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Mexico’s declining murder rate counts as a major accomplishment for President Enrique Peña Nieto, but the nation’s annual victimization survey indicates that the country remains beset by violent crime.

Mexico’s demographic and statistical agency recently published the results of its latest victimization survey, known as Envipe. The survey paints a picture of a population that has suffered at the hands of criminals at a steadily increasing rate: 22.4 million Mexicans told the Envipe pollsters that they had been victims of a crime in the past year, up from 21.6 million in 2012. This is the third straight year of increases. The total number of crimes has also spiked in recent years: Envipe registered 33.1 million total, a roughly 50 percent increase from the 22.4 million registered in 2011.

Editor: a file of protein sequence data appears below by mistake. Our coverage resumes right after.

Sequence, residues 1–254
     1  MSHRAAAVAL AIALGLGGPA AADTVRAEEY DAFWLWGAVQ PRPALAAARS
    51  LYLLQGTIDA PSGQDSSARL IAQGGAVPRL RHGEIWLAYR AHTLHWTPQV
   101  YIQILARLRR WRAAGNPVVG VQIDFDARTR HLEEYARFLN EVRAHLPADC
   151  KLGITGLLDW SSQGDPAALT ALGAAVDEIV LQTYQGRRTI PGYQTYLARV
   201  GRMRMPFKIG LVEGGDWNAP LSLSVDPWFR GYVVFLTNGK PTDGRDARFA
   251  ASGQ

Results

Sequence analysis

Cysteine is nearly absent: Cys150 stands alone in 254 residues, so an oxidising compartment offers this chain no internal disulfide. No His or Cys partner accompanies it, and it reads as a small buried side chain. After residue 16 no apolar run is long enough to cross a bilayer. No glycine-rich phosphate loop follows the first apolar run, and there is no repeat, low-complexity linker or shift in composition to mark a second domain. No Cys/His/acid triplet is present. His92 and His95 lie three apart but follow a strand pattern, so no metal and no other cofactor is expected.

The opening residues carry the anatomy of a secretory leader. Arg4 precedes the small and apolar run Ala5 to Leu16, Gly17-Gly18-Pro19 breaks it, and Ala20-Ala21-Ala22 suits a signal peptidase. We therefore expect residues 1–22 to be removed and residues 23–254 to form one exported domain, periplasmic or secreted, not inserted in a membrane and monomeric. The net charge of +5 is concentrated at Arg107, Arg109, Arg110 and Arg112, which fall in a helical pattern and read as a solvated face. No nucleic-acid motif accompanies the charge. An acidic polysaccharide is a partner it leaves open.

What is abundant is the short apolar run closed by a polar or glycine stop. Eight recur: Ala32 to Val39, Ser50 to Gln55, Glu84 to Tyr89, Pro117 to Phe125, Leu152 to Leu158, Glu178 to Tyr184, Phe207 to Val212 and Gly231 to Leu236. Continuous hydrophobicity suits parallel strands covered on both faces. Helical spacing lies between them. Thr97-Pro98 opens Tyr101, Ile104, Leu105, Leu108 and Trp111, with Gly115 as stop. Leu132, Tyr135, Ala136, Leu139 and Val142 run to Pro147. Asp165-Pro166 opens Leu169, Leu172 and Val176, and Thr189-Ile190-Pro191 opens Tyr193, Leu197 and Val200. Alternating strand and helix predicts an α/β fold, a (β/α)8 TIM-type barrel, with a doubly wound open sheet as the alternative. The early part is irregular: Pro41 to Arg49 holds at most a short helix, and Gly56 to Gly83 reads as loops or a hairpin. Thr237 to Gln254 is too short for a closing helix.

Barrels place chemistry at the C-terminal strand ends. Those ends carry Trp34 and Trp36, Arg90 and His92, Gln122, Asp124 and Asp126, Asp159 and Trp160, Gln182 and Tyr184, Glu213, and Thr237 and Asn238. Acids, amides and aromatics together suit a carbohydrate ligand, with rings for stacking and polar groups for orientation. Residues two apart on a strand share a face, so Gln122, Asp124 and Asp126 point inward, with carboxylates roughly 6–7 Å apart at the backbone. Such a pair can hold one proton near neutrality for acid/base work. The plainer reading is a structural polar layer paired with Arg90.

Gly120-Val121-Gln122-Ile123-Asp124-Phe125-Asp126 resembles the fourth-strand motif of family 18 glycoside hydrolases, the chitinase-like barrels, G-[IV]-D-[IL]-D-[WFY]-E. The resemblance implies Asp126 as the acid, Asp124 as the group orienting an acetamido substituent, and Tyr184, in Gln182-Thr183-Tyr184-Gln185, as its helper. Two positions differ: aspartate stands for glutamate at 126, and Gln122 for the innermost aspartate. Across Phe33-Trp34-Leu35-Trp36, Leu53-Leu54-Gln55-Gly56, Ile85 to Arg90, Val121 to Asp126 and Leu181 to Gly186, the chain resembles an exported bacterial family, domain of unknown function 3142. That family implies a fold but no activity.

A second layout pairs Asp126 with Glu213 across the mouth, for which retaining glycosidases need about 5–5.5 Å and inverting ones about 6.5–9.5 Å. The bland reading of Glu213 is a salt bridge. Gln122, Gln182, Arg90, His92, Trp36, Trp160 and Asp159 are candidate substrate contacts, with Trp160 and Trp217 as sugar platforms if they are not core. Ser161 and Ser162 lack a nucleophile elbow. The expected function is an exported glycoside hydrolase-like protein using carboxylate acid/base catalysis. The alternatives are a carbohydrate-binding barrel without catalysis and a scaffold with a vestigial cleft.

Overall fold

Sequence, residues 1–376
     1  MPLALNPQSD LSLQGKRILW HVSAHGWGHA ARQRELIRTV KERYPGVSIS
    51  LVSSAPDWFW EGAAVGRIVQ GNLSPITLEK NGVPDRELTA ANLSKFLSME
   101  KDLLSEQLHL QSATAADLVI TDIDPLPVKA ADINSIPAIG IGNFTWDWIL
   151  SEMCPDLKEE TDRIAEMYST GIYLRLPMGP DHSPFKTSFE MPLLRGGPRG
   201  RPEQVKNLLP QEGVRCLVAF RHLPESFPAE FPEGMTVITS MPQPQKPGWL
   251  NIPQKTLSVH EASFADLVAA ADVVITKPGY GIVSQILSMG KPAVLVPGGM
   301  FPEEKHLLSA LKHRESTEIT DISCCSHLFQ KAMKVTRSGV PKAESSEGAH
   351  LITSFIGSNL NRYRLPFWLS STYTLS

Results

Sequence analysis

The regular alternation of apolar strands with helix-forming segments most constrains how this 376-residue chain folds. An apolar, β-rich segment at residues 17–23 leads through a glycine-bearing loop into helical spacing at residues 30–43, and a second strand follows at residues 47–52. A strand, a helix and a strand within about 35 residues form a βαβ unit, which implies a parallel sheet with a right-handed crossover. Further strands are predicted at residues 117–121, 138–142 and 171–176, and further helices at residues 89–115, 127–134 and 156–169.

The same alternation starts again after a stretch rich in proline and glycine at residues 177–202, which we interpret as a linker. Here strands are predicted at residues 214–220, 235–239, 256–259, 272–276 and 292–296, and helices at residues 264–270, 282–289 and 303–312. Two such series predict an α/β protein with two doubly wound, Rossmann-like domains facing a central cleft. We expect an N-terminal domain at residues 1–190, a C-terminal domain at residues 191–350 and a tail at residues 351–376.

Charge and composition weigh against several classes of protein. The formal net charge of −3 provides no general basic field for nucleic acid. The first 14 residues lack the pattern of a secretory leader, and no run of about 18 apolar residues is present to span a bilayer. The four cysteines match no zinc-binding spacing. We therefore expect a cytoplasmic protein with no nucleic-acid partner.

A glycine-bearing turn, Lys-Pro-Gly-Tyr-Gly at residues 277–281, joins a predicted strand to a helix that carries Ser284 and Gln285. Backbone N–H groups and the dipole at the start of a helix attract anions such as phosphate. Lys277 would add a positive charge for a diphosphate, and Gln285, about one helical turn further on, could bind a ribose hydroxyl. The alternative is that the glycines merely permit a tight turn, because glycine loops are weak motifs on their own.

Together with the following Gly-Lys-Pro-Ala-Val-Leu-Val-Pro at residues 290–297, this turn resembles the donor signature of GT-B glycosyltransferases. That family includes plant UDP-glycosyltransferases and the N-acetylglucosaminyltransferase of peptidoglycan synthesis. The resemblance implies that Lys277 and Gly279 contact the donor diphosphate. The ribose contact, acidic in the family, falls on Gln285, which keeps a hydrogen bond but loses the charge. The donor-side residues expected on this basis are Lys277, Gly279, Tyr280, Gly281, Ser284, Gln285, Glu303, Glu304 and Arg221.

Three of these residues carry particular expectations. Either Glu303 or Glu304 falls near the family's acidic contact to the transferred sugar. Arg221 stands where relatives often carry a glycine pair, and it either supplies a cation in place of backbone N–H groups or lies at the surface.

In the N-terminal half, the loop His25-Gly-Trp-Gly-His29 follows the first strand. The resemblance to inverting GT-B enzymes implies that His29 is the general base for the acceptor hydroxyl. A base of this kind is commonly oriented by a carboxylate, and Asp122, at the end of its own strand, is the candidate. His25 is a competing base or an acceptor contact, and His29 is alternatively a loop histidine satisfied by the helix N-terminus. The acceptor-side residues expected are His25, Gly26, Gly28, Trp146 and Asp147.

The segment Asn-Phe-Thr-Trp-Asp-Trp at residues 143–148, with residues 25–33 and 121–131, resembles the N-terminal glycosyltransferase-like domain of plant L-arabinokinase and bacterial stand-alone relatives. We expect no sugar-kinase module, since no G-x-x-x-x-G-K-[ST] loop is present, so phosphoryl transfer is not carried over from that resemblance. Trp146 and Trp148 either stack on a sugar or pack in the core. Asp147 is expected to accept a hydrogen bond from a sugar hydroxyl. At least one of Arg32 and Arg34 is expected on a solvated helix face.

The most common crimes were robbery, extortion, and car theft, all of which increased significantly. The four states showing the highest rate of victimization were Mexico City, Mexico State, Baja California, and Jalisco. The states showing the largest increases — and thus those largely responsible for driving the national increase –were Coahuila, Chiapas, Mexico State, Tlaxcala, and Oaxaca.